You probably are confused already, right?  Rest assured, you are not alone – welcome to another complicated provision in the Tax Cuts and Jobs Act (the “Act”) passed in December 2017.  This Act fundamentally changes the way in which a U.S. corporation is taxed on foreign income.  The Act moves the U.S. from a worldwide taxation scheme closer to a territorial taxation scheme.  Prior to the Act, a corporation was taxed on worldwide income; now, a corporation generally will not be taxed on income earned by a foreign subsidiary.  Canada, Japan, and the United Kingdom are a few of the countries that have territorial systems.  Sounds great, right?  Well, the cost of transitioning from a worldwide system to a territorial system requires a mandatory, one-time, repatriation tax – also known as a “toll charge.”

How is the tax imposed?  No one escapes.  The Act imposes a one-time toll charge on U.S. taxpayers who own an interest in certain foreign corporations.  The toll charge is levied on undistributed, non-previously taxed post-1986 earnings and profits (“E&P”) of certain U.S.-owned foreign corporations.  Lacking guidance from the IRS, it was initially believed that the toll charge might apply to corporate shareholders only.  Upon further analysis and a March 14, 2018 IRS document, the toll charge indeed does apply to individual shareholders as well.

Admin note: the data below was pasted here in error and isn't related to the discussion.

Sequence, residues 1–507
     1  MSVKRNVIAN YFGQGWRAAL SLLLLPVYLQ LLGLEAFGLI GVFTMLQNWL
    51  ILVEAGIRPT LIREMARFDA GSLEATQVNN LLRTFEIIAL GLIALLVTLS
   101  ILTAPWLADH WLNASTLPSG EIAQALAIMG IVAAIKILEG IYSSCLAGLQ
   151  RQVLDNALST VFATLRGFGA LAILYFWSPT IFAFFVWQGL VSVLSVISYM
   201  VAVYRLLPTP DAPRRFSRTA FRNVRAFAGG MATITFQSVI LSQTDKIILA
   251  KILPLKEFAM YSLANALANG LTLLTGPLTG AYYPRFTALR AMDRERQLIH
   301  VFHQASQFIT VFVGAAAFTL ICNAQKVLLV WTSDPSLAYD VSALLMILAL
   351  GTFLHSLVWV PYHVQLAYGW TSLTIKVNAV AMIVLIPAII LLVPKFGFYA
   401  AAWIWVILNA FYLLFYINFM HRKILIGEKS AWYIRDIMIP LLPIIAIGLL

How much is the toll charge?  It depends.  The calculation is complex and includes all post-1986 E&P, through 2017, as a new Subpart F category.  Foreign tax paid and dividend distributions may reduce the amount of E&P included in the calculation.  A participation exemption, which factors in your tax rate, also reduces the E&P subject to tax.  The toll charge applies in 2017 and generally must be paid by April 17, 2018.  No, you didn’t misread – the tax is due soon and without regard to extension according to the recently released IRS document.  But wait – there is some consolation; the tax payment can be made all at once or can be paid over an eight-year period.

If you own an interest in a foreign corporation, you are potentially subject to this tax.  Consult with your tax advisor, as soon as possible, regarding how to proceed.

For more information, please contact International Tax Principal, Suzanne Kane.

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